Gene duplications and losses among vertebrate deoxyribonucleoside kinases of the non-TK1 Family

Zeeshan Mutahir, Louise Slot Christiansen, Anders R. Clausen, Martin Werner Berchtold, Zoran Gojkovic, Birgitte Munch-Petersen, Wolfgang Knecht, Jure Piskur

Publikation: Bidrag til tidsskriftTidsskriftartikelForskningpeer review

Resumé

Deoxyribonucleoside kinases (dNKs) salvage deoxyribonucleosides (dNs) and catalyze the rate limiting step of this salvage pathway by converting dNs into corresponding monophosphate forms. These enzymes serve as an excellent model to study duplicated genes and their evolutionary history. So far, among vertebrates only four mammalian dNKs have been studied for their substrate specificity and kinetic properties. However, some vertebrates, such as fish, frogs, and birds, apparently possess a duplicated homolog of deoxycytidine kinase (dCK). In this study, we characterized a family of dCK/deoxyguanosine kinase (dGK)-like enzymes from a frog Xenopus laevis and a bird Gallus gallus. We showed that X. laevis has a duplicated dCK gene and a dGK gene, whereas G. gallus has a duplicated dCK gene but has lost the dGK gene. We cloned, expressed, purified, and subsequently determined the kinetic parameters of the dCK/dGK enzymes encoded by these genes. The two dCK enzymes in G. gallus have broader substrate specificity than their human or X. laevis counterparts. Additionally, the duplicated dCK enzyme in G. gallus might have become mitochondria. Based on our study we postulate that changing and adapting substrate specificities and subcellular localization are likely the drivers behind the evolution of vertebrate dNKs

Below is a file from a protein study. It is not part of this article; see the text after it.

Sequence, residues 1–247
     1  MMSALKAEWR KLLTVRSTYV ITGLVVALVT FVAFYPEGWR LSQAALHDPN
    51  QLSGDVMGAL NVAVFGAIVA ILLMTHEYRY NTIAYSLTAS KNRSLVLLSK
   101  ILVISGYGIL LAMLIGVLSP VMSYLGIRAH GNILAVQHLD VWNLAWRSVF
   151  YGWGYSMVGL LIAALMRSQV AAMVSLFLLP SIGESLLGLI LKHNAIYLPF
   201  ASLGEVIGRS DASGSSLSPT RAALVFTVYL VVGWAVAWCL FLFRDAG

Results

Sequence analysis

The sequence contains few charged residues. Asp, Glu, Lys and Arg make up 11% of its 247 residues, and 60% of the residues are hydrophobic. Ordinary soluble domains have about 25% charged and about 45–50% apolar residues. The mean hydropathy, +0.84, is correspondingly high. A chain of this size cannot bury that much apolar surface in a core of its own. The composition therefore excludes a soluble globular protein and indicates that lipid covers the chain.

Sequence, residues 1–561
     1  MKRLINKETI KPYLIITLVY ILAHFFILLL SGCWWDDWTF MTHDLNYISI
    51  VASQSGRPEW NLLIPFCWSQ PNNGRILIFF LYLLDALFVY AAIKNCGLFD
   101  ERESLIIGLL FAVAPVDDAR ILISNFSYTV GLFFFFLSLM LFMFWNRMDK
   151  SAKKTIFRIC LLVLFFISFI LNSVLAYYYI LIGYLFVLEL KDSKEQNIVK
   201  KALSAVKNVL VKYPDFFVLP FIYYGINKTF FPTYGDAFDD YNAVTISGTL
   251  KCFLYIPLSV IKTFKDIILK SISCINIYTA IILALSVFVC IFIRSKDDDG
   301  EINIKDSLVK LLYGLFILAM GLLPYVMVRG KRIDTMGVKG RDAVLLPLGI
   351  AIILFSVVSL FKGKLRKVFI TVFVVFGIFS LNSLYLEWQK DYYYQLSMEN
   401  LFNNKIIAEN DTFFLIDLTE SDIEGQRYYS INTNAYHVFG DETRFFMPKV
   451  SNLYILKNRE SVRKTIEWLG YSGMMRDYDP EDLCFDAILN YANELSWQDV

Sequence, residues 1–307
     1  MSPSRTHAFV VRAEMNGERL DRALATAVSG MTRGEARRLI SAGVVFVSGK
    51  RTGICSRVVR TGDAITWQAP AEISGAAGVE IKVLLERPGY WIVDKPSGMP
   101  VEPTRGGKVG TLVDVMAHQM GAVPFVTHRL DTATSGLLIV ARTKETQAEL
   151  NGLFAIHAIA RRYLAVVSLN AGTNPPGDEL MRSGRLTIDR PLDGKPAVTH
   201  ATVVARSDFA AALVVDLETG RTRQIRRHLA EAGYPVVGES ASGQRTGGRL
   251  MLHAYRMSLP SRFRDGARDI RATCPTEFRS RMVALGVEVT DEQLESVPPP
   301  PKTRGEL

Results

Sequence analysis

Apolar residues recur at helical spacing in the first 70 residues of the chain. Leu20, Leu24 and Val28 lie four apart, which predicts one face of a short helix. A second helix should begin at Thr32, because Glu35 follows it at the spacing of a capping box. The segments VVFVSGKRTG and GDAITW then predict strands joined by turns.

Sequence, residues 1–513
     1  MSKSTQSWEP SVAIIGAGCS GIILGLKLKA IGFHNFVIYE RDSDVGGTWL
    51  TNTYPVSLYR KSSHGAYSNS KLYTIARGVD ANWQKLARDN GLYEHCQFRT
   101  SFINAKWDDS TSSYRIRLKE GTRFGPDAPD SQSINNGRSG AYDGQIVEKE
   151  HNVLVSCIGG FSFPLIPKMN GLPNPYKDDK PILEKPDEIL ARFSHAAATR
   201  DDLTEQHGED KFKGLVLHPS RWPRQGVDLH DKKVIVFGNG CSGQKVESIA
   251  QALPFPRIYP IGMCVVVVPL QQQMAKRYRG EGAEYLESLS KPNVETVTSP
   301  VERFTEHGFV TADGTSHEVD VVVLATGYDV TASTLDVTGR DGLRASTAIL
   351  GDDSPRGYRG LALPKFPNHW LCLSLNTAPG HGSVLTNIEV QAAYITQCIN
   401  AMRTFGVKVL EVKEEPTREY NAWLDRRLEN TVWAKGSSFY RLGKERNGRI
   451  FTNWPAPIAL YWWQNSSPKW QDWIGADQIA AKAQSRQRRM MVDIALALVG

OriginalsprogEngelsk
TidsskriftNucleosides, Nucleotides and Nucleic Acids
Vol/bind35
Udgave nummer10-12
Sider (fra-til)677-690
Antal sider14
ISSN1525-7770
DOI
StatusUdgivet - 1 dec. 2016

Citer dette

Mutahir, Zeeshan ; Christiansen, Louise Slot ; Clausen, Anders R. ; Berchtold, Martin Werner ; Gojkovic, Zoran ; Munch-Petersen, Birgitte ; Knecht, Wolfgang ; Piskur, Jure. / Gene duplications and losses among vertebrate deoxyribonucleoside kinases of the non-TK1 Family. I: Nucleosides, Nucleotides and Nucleic Acids. 2016 ; Bind 35, Nr. 10-12. s. 677-690.